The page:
Wednesday 22-10-2014 - 14:56
As part of our ongoing feature, Women leading the way, we speak to Shami Chakrabarti, director of Liberty, to discuss what can be done to encourage more women to seek leadership positions.
Tell us a bit about your background?
I started out as a lawyer; I suppose I still am a lawyer. I read for the bar and I did pupillage, I was in private practice for a very short time before I saw an opening at the home office.I was always fascinated with what we call public law and constitutional law, judicial review, the relationship between the state and people and the relationship between law and policy and politics.
That’s how I saw the law, not as a means of making money but as a means of achieving hopefully positive changes for people. So I got a job as a lawyer in the home office and I was there from 1996 until the summer of 2001. And it was fascinating work.I worked initially for home secretary Michael Howard for a year and then of course, we had the 1997 ‘Things can only get better’ General Election and New Labour came to power.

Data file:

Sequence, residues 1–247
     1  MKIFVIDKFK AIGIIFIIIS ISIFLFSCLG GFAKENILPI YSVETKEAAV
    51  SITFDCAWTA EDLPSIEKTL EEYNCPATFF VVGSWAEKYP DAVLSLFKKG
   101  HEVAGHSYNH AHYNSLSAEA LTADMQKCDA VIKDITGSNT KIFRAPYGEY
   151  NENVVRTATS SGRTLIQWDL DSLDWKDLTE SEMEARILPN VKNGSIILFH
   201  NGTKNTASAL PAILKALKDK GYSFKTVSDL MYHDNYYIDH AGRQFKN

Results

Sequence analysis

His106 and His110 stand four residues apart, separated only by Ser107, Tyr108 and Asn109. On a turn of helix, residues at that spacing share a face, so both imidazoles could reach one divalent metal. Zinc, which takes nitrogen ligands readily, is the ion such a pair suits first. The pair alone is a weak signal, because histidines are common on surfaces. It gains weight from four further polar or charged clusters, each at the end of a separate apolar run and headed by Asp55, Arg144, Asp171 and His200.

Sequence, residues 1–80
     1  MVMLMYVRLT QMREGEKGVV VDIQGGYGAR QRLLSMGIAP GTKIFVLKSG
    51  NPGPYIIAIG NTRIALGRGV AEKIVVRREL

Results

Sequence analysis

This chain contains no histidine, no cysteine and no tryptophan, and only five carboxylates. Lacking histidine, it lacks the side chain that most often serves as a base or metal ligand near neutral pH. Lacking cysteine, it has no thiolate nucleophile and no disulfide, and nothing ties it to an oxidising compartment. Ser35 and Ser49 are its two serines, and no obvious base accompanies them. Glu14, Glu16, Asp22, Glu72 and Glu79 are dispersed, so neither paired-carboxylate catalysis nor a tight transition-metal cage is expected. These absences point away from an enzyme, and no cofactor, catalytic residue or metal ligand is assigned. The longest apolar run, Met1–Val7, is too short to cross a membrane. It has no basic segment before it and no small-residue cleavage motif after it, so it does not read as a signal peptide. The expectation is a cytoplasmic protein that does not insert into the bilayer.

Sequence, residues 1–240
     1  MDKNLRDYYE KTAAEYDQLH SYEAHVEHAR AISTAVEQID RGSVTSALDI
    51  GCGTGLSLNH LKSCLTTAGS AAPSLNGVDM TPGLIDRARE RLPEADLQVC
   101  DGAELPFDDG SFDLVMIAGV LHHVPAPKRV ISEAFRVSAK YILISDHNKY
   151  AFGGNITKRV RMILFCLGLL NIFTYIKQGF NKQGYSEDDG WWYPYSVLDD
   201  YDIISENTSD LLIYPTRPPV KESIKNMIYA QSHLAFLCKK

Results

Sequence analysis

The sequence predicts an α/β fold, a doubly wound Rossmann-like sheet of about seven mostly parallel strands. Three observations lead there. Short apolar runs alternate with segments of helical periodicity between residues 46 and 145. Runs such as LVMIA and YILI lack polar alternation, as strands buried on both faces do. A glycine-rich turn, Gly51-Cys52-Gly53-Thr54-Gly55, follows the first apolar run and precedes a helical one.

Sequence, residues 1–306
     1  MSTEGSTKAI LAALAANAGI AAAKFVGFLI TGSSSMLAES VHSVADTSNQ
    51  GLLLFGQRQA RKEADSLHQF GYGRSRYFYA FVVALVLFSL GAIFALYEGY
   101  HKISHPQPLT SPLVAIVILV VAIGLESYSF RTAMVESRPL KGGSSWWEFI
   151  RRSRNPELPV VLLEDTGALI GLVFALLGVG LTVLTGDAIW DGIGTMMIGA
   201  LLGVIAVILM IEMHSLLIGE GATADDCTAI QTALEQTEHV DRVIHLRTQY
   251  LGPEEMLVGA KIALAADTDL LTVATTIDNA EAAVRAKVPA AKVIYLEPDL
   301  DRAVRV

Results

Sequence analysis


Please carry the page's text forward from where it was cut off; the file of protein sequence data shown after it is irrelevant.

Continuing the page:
So even though I only worked in the department for a bit less than six years, I did have the experience of working for Conservative and Labour home secretaries. Most of my time there was when Jack Straw was home secretary.
I served ministers and senior civil servants during those two governments, worked on legislation and litigation in the higher courts and the Court of Human Rights in Strasbourg and learned so much I think in that time in government.
But after a while I realised that I’d been promoted a couple of times, I loved the work, but to be a career government lawyer and a civil servant, I would have to go and work in the Treasury or Transport or at another department and that wasn’t really my thing.
I was interested most of all in home affairs and I saw another advert, this time it was the summer of 2001 during the election campaign. I saw an advert to be a lawyer at Liberty and Liberty was an organisation that I’d always admired in terms of its values and its litigation but I thought for some time from the outside that it wasn’t doing as well as it might in terms of its campaigning and its advocacy in the public square outside the courtroom.